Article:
Product Support Strategy

Anthony Scott-Hodgetts

January 28, 1988

1 Introduction

Within the Microcomputer Group, INMOS has collected a large number of talented and innovative individuals; we now face the problem of using this talent to produce the next generation of high quality products in an increasingly competitive world marketplace.

Clearly, the first stage is to conceive the architecture and design of those products. In general, INMOS has succeeded in this area, and we would expect similar success in the future. However, both during the development of products and after their initial market introduction we have failed to maintain the high standards required of a company desiring to establish itself as a world leader. Moreover, products lying outside the main arena have lacked architectural soundness, have been under-resourced during development, and due to poor integration between parts of MCD have appeared late and without the functionality of truly market worthy goods. It must be stressed that these failings are caused by factors largely outside the control of those performing the product development. Two significant, but related, factors impeding smooth progress are: lack of product strategy, that is, what should we aim to produce, when and why, and lack of suitable support structures to ensure that the development can proceed smoothly.

The purpose of this document is to explore the latter of these issues; it is divided into three further sections: a discussion of product support, a similar discussion of project support, and a conclusion.

2 Product Support

INMOS is committed to growth by the continuing diversity of its products, whether silicon, subsystem, or software. Unfortunately, we cannot merely create the products, sell them to an unsuspecting world, and then run with the profits. Our products are not simple, nor perfect; our customers are often less than perfect themselves. There must be an organisation whose job it is to cope with these difficulties, an organisation which grows with the growth of our markets, in proportion to the needs of our customers. If we fail to resource this structure, we shall be perceived to be amateurish.

2.1 Software Support

Our front line in both hardware and software product support is the Field Application Group. Problems, queries, bugs and the like which cannot be handled by the FAEs, either because of time pressure or complexity, will be passed on to Software Support. The Software Support Group has amongst its tasks the following two key functions: to be a focal point for communications about software from the user community, and to provide maintenance for existing software products. The maintenance, or evolution, of our software will not be performed by the Software Development Group which has, as its name implies, a different role to play in our success. As the number of different software products increases, so must the size of the Software Support Group: this is inevitable. Few people are happy with the support role as a career in itself, and we must ensure that the Software Support Group has a slow turnover of staff from other software related areas of the company. This is consonant with our general philosophy of allowing movement of personnel from project to project as required by individual interest, personal development, and company needs. The group currently consists of one person: Michael Poole, who is responsible for all aspects of support. The appearance of software products for the IBM, VAX and SUN will require a further person to join the group during the first half of 1988. From that point on, we should budget one extra person for every 2/3 major product releases; note that we shall often be supporting old versions of a product alongside later releases.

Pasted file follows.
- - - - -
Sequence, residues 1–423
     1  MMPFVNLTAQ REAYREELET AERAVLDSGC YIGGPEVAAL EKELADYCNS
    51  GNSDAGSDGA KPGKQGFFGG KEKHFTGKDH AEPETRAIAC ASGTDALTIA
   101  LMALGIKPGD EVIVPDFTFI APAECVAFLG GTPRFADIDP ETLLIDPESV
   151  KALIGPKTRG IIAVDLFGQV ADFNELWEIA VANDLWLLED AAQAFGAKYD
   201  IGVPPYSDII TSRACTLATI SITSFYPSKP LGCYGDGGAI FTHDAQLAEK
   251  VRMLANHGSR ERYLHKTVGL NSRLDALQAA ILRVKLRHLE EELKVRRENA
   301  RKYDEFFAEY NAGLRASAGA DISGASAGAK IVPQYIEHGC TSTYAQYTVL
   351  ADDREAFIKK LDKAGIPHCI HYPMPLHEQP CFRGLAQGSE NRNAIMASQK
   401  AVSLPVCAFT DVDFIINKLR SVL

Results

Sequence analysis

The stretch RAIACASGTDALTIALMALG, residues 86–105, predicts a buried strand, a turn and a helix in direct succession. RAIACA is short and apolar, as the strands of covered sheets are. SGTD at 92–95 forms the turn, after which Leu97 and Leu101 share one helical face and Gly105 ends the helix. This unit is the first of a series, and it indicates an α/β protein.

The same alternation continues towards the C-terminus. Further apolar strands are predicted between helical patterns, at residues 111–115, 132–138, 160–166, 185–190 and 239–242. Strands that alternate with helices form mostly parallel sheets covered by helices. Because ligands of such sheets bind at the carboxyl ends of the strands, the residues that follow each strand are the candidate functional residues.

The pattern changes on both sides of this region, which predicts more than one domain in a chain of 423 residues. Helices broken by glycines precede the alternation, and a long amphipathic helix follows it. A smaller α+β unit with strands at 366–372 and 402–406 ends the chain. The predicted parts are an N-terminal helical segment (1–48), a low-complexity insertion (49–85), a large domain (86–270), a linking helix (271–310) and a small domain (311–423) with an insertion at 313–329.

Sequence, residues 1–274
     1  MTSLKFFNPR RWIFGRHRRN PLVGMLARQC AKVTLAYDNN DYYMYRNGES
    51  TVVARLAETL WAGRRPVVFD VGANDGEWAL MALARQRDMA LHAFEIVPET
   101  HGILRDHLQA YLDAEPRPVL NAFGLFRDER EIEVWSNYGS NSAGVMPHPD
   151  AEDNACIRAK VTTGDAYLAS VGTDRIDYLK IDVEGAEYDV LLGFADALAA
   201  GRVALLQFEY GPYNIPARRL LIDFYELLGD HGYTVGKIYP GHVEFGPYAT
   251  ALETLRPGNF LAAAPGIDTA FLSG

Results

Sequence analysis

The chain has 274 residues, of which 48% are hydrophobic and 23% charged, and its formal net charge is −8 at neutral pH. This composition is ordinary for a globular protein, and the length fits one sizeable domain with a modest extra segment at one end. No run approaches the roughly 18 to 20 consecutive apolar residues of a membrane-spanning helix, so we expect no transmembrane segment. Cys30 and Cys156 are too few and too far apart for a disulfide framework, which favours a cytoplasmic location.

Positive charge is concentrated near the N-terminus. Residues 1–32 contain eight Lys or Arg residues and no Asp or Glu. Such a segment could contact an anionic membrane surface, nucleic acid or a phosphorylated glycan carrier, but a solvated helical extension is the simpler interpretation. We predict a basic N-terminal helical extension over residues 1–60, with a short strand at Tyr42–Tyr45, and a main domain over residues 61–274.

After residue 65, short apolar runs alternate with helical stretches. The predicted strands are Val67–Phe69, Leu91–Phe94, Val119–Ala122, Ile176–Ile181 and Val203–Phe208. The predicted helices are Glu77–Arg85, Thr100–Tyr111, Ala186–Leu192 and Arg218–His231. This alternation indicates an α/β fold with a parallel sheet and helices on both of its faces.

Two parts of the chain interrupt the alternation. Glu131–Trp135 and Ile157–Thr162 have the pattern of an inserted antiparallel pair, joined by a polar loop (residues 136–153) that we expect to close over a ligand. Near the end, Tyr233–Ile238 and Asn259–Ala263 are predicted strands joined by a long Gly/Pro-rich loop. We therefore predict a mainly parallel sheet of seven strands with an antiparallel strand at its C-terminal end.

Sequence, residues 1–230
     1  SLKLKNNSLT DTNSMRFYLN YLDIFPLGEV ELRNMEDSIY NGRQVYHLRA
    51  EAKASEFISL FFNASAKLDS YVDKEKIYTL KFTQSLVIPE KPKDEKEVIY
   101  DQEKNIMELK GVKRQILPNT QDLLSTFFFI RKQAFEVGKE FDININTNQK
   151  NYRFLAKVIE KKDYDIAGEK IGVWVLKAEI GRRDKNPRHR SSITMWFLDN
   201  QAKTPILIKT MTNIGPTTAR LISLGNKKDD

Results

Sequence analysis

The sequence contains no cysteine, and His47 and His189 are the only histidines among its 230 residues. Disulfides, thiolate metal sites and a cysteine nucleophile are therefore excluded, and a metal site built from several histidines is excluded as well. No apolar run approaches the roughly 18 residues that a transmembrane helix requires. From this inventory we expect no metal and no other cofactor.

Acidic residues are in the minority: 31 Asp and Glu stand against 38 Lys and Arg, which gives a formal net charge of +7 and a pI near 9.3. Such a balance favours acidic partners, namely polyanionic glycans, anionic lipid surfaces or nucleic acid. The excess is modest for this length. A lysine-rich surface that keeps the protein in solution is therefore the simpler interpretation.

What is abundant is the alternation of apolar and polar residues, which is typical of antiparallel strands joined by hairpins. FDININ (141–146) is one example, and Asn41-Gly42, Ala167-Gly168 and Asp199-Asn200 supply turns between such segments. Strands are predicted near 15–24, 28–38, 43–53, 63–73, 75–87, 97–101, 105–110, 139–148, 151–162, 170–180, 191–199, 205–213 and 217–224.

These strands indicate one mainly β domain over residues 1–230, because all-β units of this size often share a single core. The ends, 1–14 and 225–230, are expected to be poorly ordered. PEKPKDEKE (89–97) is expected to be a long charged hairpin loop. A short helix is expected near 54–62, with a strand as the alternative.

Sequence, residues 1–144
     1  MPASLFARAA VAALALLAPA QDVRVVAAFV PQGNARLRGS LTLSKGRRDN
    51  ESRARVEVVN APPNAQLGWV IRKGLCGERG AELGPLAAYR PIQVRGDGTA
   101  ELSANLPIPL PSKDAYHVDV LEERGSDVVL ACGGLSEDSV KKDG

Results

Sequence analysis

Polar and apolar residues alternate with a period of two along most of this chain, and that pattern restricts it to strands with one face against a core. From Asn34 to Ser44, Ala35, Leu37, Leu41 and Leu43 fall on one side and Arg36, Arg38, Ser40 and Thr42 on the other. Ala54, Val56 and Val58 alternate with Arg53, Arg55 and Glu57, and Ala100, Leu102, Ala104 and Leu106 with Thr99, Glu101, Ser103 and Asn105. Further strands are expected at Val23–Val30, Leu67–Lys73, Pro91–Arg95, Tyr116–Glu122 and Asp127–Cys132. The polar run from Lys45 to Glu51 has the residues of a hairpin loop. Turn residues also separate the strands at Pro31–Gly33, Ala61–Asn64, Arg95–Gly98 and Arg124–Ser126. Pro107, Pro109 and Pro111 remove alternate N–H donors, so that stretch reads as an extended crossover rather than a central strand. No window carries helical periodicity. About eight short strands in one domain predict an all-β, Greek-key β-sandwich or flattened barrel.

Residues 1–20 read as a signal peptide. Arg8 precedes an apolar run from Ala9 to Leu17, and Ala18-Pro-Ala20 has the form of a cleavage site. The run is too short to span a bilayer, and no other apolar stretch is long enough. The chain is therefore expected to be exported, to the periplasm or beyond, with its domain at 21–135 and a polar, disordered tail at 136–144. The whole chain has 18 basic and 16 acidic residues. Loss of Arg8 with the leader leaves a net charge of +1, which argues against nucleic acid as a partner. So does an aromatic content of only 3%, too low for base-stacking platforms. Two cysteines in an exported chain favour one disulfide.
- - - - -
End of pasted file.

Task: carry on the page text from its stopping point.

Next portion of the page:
2.2 Central Applications

To some extent, the Central Applications Group has lacked direction recently, as its line of command spans different time zones. This has impaired its growth as a strategic arm of the company. We should recognise the importance of this group as a force both to grow our business and prove our products, and we should resource it accordingly.

Key tasks for the group should be:

We are currently operating on a one person to several projects basis. As the nature of Central Applications projects changes to match the significance of their aims, we shall be aiming at 2/3 people per major project. We should aim at an initial staff budget of at least eight people; this number should certainly double over the next two years as we see the positive feedback from their work.

2.3 Documentation Group

It is a sign of corporate maturity to recognise the importance of clear, consistent product documentation. Customers seeing low quality, or confusingly presented documentation will feel that this must be a reflection of the overall product quality: the documentation must enhance our product not compromise its success.

The Documentation Group should operate as an editorial and publishing service for MCD. Stephen Zenith has already produced proposals relating to the future of the group, and this report supports his view that the structure of a successful Documentation Group should be of the form: